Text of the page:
Users should note that some parts of this data collection are restricted from general dissemination; for more information, please consult the Restrictions Note.
Study Purpose: The demographic data collected from the Serbian village of Orasac serve as a micro-study to explore how changes in this village relate to the larger processes of social change occurring in southeast Europe from the early 19th century through the mid 20th century.
Study Design: The data in this study were collected between 1953 and 1990 through extensive ethnographic and archival fieldwork conducted by Joel M. Halpern.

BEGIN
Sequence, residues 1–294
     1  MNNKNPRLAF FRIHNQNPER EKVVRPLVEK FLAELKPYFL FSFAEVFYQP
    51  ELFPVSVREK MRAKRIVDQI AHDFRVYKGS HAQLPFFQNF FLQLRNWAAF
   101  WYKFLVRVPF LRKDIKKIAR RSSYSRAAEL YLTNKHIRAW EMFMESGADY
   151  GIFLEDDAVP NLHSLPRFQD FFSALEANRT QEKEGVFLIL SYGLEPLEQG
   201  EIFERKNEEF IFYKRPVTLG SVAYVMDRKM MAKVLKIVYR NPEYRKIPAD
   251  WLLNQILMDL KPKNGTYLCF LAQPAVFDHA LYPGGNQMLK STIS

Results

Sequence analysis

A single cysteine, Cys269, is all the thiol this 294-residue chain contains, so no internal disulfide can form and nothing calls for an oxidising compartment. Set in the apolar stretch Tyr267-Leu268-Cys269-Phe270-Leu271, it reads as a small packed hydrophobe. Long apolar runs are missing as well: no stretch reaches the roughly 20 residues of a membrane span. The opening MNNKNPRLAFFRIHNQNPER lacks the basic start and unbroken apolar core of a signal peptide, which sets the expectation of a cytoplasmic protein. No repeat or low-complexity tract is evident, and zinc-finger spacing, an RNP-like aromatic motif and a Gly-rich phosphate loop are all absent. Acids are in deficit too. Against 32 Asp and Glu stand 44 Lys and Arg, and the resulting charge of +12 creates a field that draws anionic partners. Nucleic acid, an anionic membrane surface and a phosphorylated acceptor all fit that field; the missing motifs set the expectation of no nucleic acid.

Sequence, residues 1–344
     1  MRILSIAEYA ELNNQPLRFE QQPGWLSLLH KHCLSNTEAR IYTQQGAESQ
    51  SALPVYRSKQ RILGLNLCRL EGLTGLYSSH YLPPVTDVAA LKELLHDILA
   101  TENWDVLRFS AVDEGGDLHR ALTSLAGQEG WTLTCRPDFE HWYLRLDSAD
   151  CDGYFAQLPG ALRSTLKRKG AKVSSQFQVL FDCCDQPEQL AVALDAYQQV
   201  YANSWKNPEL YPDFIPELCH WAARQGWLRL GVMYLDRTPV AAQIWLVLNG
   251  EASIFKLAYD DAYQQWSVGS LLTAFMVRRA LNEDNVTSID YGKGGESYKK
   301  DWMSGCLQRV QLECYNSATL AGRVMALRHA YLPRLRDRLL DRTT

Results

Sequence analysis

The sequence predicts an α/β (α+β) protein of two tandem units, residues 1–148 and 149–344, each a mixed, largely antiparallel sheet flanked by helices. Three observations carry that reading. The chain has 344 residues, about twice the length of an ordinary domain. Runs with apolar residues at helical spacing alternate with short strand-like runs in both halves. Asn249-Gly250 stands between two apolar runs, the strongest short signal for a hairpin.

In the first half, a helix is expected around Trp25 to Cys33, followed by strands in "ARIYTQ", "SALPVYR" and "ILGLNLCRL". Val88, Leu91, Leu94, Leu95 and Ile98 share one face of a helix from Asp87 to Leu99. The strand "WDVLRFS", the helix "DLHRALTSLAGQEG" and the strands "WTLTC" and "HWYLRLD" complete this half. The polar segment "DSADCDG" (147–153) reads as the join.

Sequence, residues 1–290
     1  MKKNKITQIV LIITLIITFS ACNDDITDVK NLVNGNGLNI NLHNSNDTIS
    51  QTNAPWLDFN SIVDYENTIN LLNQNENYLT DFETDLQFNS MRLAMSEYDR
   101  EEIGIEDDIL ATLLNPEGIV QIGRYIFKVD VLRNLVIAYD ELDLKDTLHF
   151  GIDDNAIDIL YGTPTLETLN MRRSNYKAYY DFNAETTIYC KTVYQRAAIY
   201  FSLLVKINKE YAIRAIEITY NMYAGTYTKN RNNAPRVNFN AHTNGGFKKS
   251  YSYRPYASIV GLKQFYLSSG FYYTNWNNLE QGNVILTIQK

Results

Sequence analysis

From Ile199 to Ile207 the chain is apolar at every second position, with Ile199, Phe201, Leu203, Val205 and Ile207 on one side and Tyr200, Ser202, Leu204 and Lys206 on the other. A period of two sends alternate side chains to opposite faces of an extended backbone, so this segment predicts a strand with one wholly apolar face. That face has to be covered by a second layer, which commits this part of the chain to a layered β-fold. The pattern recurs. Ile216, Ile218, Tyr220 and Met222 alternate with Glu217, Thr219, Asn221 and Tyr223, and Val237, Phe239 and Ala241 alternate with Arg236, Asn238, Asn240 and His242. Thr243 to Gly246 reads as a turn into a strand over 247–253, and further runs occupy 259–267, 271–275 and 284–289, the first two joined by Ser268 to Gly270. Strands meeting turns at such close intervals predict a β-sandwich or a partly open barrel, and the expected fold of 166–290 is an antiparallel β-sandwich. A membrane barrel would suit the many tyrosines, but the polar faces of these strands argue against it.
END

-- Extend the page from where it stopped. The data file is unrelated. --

Mode of Data Collection: record abstracts, coded on-site observation
All unpublished materials from the nineteenth century were obtained through the courtesy of the Serbian State Archives. Census materials from 1948, 1953, and 1961 were made available by the former Federal Statistical Bureau of Yugoslavia and its then Republic affiliates. All other data from Orasac were acquired through the courtesy of both village and county officials.
Description of Variables:
Population census data contain variables that record basic demographic information. These include the respondent's relationship to the head of his or her household, sex, date of birth, marital status, occupation, levels of education and literacy, and original place of birth.
Birth, death, marriage, and migration data contain variables that record the date of the corresponding event, as well as relevant demographic information similar in scope to the census data. Migration data include place of origin and year of arrival to Orasac.